The Crosley Icyball
by Ray Bintliff, W1RY
Powel Crosley's interests were not limited to radios. In the August 2004 issue of A.R.C. Dave Crocker described Crosley's Moonbeam aircraft. In this article, Ray tells us about another very different product manufactured and marketed by the Crosley Radio Corporation. (Editor)
During a visit to the Bonner County Historical Society Heritage Center in Sandpoint, Idaho, a Crosley exhibit caught my eye -- and it certainly didn't look like a radio. Upon closer inspection, I found that it was an early refrigerator that Crosley called the "Icyball."
My first thought was to call Dave Crocker, our resident Crosley expert, and find out if he knew of this early refrigerator. Of course he did. Dave offered to send me "more than I ever wanted to know about the Icyball."
When I returned home, I found copies of the The Crosley Broadcaster in the mail. The March 15, 1929, cover page, featuring the Crosley Icyball, is reproduced as Figure 1 (see print version). The June 1, 1929, issue contained a testimonial about Icyball's ability to survive a fire. That article is reproduced in a box on the opposite page.
Figure 2. An overall view of the Crosley Icyball on display in the museum in Sandpoint, Idaho.
The Icyball's lift-top cabinet is made of metal and is insulated with cork. One of the two pressurized tanks or balls that make up the refrigeration system can be seen at the right side of the cabinet.
The Icyball System
The Icyball system converts heat into cold. Its closed system contains a refrigerant (a mixture of water and ammonia). In use, the "hot ball" is heated by an external heat source, typically a kerosene burner. Then the hot ball is submersed in a tub of water. The condensation and evaporation process causes the temperature of the second "cold ball" to drop to below freezing.
Figure 2 shows an overall view of the Icyball on display in the Idaho museum, while Figure 3 (see print version) shows a close-up of the unit's external hot ball. Figure 4 (see print version) shows the cold ball positioned in the Icyball's insulated cabinet.
The heating and cooling of the hot ball, referred to as "charging" is performed with the unit removed from the insulated cabinet. After the charging operation is complete and the cold ball begins to cool, the unit is moved to the insulated cabinet. A handle was provided for this purpose. Figure 5 (see print version) shows a close-up of the nameplate mounted on the handle.
Figure 6, reproduced from The Crosley Broadcaster, shows the complete Icyball unit, including an ice cube tray that could be inserted in the "freezing tube" at the base of the cold ball.
Marketing the Icyball
As Dave Crocker has pointed out in previous articles, Crosley was a great promoter and did not limit his products to radios. He did not hesitate to manufacture niche products if he thought they would sell. And the Icyball did sell. It sold especially well in rural areas that lacked electricity. Certainly, most rural homes had an adequate supply of kerosene lamps and heaters. Production of the Icyball is estimated to have been in the thousands. Production began in 1928 and continued until 1938. The cost of an Icyball was about $80.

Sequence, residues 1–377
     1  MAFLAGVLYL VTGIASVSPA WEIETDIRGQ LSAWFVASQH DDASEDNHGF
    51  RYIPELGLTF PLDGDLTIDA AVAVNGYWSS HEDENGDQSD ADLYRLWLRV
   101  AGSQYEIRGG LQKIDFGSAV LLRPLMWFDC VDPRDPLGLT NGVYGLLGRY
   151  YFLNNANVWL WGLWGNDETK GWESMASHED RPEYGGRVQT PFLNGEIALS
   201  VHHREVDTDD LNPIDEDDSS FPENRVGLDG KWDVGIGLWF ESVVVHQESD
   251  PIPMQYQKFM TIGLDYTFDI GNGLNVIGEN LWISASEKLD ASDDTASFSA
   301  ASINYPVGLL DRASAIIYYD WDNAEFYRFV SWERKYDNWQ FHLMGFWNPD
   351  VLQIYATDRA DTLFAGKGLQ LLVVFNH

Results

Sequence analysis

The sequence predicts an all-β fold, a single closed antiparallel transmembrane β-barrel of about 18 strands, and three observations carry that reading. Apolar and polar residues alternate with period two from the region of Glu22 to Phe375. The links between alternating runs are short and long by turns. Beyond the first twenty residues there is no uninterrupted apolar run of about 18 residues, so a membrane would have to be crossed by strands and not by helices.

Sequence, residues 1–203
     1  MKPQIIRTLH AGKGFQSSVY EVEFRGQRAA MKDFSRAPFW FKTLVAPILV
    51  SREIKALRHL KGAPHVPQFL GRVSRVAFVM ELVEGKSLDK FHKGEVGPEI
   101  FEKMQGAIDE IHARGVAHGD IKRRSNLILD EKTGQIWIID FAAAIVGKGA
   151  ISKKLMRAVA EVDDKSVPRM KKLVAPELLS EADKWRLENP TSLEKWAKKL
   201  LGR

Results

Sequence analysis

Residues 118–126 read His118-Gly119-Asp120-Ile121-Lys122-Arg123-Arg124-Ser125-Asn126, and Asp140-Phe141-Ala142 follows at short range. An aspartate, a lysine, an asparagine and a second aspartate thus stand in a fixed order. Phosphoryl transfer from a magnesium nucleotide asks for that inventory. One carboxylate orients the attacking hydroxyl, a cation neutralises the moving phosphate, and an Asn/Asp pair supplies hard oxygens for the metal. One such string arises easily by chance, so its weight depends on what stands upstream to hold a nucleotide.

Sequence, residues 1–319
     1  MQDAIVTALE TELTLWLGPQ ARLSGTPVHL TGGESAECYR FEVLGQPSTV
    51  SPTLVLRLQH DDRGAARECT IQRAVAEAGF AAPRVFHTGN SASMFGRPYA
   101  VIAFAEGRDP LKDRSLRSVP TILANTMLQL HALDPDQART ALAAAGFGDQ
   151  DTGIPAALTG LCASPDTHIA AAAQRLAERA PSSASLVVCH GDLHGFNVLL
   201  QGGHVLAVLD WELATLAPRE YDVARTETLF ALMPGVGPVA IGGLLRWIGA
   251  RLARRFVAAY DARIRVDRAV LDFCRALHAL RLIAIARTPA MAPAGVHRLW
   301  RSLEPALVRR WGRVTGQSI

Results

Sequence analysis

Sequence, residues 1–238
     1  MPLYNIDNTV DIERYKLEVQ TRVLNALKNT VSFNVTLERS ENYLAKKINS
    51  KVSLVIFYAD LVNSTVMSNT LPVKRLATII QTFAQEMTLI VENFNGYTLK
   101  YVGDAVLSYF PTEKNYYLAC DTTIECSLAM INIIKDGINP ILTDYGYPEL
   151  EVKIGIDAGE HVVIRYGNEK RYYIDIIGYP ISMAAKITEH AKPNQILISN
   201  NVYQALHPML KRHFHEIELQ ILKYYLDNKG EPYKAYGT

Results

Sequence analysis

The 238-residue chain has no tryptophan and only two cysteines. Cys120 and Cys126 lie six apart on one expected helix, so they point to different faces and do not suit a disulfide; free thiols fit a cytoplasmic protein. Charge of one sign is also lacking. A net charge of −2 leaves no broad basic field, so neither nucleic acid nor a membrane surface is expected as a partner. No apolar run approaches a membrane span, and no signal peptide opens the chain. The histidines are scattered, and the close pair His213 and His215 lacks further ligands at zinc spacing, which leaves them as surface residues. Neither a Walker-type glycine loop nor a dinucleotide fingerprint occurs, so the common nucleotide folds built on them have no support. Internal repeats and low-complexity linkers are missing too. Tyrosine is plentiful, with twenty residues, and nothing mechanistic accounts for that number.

From the June 1, 1929, issue of "The Crosley Broadcaster."
Figure 6. A rendering of the Icyball unit, including the ice cube tray that can be inserted in the "freezing tube," the circular opening at the base of the cold ball.
Because radio sales declined in the summer months, Crosley believed that the demand for the refrigeration units could provide extra income for Crosley dealers during that otherwise slow sales period. To make sure that the refrigeration unit was a success, he produced about 1,500 units for field trials prior to going into production. He then followed up by establishing an "Icyball School" for Crosley salesmen and later for Crosley distributors and salesmen. An article in The Crosley Broadcaster states, "A man who knows his product finds it easy to sell." Naturally, the Icyball was touted regularly on programs aired by Crosley's radio station WLW.
It seems that examples of Powel Crosley's wide-ranging interests just keep popping up.
The Crosley Broadcaster, March 15 and June 1, 1929, courtesy of Dave Crocker.
(Ray Bintliff, 2 Powder Horn Ln., Acton, MA 01720)
Ray Bintliff, a member of the A.R.C. staff, holds an Amateur Extra Class license. A retired engineer, he enjoys repairing and restoring pre-1945 radios and test equipment. In addition to Amateur radio, his interests include electronic equipment and audio reproduction.